Ile remarks, in one of his letters, that he most nearly resembles Charbrera, an Italian bard of the fifteenth century, who enjoyed high honors for his verses, and died at a prosperous old age. His works are comparatively neglected at present; but Maffei, the literary historian, ascribes his success to merits very similar to those we have recognized in Southey. According to this critic, it was a saying of Chiarbrera that lie wished to follow the example of Columbus and discover a new world, or perish, and that poetry should“ lift the eyebrow ;” thus declaring surprise to be the great effect, and novelty the great means, of poetic excellence. Accordingly, his verse was prized chiefly for its style, which innovated greatly upon familiar models, and for its erudition, which was remarkable for that day. Thus his renown was gained by ingenuity and scholarship, rather than through intense natural sympathy or genuine inspiration. We therefore find Southey's own estimate of his poetry, in a great degree, confirms our own. But this coincidence is as clearly, though less directly, suggested by his casual observations on the art, in his letters to cotemporary writers, and his advice to young poets who sought encouragement from his counsel.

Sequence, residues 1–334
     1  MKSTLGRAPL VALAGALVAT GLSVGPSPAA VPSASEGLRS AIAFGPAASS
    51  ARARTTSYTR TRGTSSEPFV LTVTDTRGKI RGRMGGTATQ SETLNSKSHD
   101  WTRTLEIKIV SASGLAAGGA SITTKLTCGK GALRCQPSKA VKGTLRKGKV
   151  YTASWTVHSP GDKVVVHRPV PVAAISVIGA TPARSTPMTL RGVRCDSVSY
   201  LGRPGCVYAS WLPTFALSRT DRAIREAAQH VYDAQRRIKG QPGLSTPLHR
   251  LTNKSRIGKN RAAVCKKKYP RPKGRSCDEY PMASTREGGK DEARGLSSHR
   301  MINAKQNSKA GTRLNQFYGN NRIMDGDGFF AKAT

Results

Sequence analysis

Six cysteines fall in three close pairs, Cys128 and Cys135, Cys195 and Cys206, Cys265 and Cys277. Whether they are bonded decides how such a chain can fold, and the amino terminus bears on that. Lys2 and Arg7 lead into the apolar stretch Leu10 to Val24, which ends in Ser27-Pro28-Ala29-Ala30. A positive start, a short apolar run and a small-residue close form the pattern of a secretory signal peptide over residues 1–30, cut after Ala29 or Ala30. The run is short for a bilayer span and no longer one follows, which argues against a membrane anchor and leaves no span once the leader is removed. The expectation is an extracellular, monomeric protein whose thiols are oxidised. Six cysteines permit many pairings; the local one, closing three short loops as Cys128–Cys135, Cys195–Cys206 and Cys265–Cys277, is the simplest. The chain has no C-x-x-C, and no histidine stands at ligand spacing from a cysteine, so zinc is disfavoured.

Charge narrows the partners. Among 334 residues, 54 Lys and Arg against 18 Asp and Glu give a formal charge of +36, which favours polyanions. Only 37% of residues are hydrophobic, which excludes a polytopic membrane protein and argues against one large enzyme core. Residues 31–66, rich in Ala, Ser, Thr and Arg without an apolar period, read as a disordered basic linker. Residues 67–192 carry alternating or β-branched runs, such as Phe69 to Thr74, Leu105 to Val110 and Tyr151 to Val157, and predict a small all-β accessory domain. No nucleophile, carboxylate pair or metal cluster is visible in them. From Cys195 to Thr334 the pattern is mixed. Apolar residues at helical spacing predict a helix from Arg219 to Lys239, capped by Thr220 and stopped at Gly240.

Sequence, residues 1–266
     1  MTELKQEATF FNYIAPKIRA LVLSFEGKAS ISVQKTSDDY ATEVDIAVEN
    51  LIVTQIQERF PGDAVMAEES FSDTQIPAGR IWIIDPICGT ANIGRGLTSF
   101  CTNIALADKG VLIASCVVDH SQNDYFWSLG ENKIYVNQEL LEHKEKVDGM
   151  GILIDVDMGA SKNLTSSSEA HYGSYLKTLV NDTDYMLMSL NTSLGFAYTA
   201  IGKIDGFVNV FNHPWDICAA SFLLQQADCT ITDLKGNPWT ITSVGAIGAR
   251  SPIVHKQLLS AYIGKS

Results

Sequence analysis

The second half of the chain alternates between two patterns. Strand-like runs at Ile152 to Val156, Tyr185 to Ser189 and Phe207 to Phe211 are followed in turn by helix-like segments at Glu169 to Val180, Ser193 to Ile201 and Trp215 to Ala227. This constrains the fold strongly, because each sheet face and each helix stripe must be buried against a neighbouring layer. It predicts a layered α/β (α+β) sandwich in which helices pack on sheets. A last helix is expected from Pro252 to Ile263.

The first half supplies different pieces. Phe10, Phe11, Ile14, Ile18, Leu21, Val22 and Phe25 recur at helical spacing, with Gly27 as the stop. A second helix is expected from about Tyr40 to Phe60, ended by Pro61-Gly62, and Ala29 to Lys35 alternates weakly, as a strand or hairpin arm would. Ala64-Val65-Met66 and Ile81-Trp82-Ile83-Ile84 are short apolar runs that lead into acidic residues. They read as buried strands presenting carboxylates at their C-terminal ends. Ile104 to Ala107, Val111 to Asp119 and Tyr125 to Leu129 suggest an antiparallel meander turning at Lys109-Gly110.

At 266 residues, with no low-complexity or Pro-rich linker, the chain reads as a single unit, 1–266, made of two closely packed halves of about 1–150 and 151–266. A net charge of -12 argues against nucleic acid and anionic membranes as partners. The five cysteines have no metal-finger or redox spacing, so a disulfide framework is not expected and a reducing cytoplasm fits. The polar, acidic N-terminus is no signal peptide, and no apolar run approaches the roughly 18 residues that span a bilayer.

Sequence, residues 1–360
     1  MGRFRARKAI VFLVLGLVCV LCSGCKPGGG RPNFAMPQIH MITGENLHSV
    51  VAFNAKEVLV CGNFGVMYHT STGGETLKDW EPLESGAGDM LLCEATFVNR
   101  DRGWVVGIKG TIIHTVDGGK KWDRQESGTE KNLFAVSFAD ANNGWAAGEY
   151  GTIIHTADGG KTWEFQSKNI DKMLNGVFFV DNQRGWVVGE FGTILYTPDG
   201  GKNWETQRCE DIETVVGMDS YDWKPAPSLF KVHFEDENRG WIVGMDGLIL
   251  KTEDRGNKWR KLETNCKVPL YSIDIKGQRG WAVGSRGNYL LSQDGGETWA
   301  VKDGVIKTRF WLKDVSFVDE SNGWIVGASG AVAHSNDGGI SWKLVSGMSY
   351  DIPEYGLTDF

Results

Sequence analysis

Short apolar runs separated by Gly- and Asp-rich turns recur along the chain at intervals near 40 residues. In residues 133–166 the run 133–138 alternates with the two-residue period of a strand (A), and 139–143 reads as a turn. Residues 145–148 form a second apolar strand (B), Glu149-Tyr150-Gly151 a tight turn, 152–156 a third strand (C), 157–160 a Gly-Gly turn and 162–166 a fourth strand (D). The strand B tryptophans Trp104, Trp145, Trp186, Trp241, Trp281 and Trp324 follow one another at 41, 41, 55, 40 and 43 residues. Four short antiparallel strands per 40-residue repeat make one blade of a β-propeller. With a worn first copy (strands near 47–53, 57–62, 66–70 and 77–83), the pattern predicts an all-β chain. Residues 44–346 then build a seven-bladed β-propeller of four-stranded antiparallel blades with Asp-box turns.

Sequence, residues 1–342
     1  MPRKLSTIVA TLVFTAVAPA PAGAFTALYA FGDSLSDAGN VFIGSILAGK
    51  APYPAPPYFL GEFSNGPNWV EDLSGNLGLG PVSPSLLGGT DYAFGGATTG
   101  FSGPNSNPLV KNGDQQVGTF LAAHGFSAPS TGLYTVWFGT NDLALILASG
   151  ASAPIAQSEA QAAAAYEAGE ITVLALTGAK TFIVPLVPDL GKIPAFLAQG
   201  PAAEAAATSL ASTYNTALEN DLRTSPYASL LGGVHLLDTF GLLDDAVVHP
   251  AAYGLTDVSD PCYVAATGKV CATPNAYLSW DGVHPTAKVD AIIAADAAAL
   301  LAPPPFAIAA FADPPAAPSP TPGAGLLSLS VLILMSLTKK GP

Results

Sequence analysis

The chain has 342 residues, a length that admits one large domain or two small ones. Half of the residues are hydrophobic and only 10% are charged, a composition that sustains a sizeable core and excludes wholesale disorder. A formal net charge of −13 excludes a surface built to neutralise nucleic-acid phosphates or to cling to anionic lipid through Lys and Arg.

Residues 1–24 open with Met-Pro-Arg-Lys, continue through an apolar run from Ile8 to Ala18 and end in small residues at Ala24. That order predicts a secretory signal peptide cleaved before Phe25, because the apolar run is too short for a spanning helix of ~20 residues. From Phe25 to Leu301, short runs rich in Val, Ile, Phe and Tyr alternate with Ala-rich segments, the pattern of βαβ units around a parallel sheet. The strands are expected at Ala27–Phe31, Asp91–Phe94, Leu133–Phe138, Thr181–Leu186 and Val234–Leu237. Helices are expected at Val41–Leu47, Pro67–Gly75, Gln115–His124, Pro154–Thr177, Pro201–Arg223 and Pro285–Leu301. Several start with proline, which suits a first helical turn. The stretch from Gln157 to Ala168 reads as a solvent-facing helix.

It is obvious, from the incidental views thus honestly expressed, that he had not a vivid and permanent consciousness of a poet's birthright; that the art was too much a branch of authorship, and too little a sacred instinct, in his estimation; and that the more erratic versifiers of the age, less elaborate, but far more intense and genuine, won their larger popularity on legitimate grounds. He tells one of his correspondents, who had solicited his opinion of a poem, that his friends reckon him “a very capricious and uncertain judge of poetry;” and elsewhere, in speaking of the error which identifies the power of enjoying natural beauty with that of producing poetry, he says, “One is a gift of Ileaven, and conduces immeasurably to the happiness of those who enjoy it; the second has much more of a knack in it than the pride of poets is always willing to admit.”' If Southey's poetic faculty and feeling had been equal to his “ knack" of versifying, he would have been quite as reluctant to ascribe to ingenuity what was consciously derived from a power above the will. Perhaps he was chagrined into this commonplace view of the art by the fact that, while Scott was receiving three thousand guineas for the "Lady of the Lake,” the “ Curse of Kehama” was going through the press at the expense of Landor.